In the spirit of all the books we’re giving away (winners announced tonight!), today’s mini-lesson is one of my favorites to do with independent reading books. It celebrates the beauty and power of language, no matter the text–poetry, nonfiction, YA, award-winners, graphic novels, and more. It also celebrates the pure joy of discovery; the launch into a new world attained only by opening to the first page of a new book.
Objectives: Using the language of the Depth of Knowledge levels, students will identify patterns in opening and closing lines of texts, synthesize their noticings, and draw conclusions about a text’s craft and structure.
Lesson: “Have y’all learned about the concepts of primacy and recency in psychology yet? Who can refresh us?”
A student reminds us that the concept says that the first and last items in a series are easier and more likely to be committed to memory.
“Well, this concept isn’t just for psychology. It applies to books too. The first and last lines of books are the most powerful, and the most likely to stick with us. Let’s talk in our table groups about why the first and last lines are so powerful.”
I wander the room for three minutes as students discuss, in groups of 3-4, these concepts. They conclude that the first line often sets the tone, introduces a new world, or hooks the reader with some mystique. The last line, they say, helps keep the reader wondering, or solves a lingering mystery, or even makes you cry.
I write these conclusions on the board, or elicit them from groups if necessary, so that we’re all on the same page.
“Okay, let’s take a look at some of our current reads and see how they can grab our attention. Open up your independent reading book and read the first line again, and then read the very last line, too.” (There’s always some anxiety about this, but I reassure them that last lines rarely contain plot giveaways.)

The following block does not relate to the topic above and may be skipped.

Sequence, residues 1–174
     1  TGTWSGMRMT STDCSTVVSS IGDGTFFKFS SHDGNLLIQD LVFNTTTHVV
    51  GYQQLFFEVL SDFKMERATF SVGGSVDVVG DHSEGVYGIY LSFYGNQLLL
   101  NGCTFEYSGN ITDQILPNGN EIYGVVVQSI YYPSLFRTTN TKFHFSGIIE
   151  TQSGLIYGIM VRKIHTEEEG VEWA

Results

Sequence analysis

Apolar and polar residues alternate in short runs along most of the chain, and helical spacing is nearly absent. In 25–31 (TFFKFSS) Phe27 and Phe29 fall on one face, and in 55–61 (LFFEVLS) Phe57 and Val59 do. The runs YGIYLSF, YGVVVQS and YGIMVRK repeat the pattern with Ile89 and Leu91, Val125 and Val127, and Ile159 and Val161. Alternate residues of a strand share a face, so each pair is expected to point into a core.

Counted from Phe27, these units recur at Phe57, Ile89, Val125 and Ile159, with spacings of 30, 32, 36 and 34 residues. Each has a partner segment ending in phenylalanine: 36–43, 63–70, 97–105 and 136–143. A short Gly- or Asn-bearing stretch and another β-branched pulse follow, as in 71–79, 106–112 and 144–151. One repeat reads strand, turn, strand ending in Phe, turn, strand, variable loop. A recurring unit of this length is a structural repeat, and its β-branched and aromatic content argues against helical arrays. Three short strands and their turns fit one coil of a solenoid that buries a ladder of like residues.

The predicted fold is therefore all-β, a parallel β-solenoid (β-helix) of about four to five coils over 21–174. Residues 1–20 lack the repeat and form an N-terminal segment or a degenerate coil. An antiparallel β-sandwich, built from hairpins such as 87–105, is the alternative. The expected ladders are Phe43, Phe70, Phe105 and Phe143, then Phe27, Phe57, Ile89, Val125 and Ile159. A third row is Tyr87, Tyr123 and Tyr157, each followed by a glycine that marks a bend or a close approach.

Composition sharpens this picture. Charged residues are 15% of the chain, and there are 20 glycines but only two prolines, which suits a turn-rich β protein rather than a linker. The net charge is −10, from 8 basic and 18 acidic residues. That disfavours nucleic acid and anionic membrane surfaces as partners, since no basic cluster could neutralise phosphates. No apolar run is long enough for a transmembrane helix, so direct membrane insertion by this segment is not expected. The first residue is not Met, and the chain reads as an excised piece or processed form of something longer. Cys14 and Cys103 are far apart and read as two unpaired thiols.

I ask a few students to give me examples:
- Miss Peregrine’s Home for Peculiar Children begins with “I had just come to accept that my life would be ordinary when extraordinary things began to happen,” and ends with, “We rowed faster.”
- A Prayer for Owen Meany opens with “I am doomed to remember a boy with a wrecked voice—not because of his voice, or because he was the smallest person I ever knew, or even because he was the instrument of my mother’s death, but because he is the reason I believe in God; I am a Christian because of Owen Meaney,” and ends with, “I shall keep asking you.”
- The First Fifteen Lives of Harry August begins with “The second cataclysm began in my eleventh life, in 1996,” and concludes, “Instead, for those few days you have left, you are mortal at last.”
- Room opens with “Today I’m five,” and ends with “Then we go out the door.”
I ask students to write for a few minutes about all that they can learn from the first and last lines, based on what they already know of the text from reading. This is key–the lesson is much different than a simple craft study of a text they’re not already invested in, because they’re bringing lots more prior knowledge to their text analysis.
I quickly model with Room, whose plot is simply explained and well known from a recent booktalk. “I notice the sentence structure first–both lines are short, simple sentences. Then I get a sense of the narrator’s voice, as he is obviously five years old, and that shapes how I’m going to view the text. I also know that while they start out trapped in Room, they manage to escape somehow, either literally or figuratively, because of the last line. I’m intrigued by all of these things, and it sets me up for what sounds like a pretty good read.” As I talk, I note on the board the kinds of things I’m noticing–craft, tone, characterization, theme, plot, sentence structure.
Students write for five minutes about these topics. Because they’re midway through these books, they have more knowledge of the text than just the first and last lines. After a few minutes of writing about what they’ve noticed, I ask, “Now, how does revisiting the first line, and looking ahead to the last line, shape your reading of the text? What do you find yourself thinking about? What do you predict might happen?”
Follow-Up: After students have written their reflections, I ask that they pass notebooks. They’ll read all of their table mates’ entries, providing 2-3 mini-booktalks–a variation on speed dating.
This lesson could also be a great companion to Jackie’s mini-lesson on writing leads.
This lesson also acts as one of a series of lessons leading up to the students’ writing of a craft analysis of their independent reading books.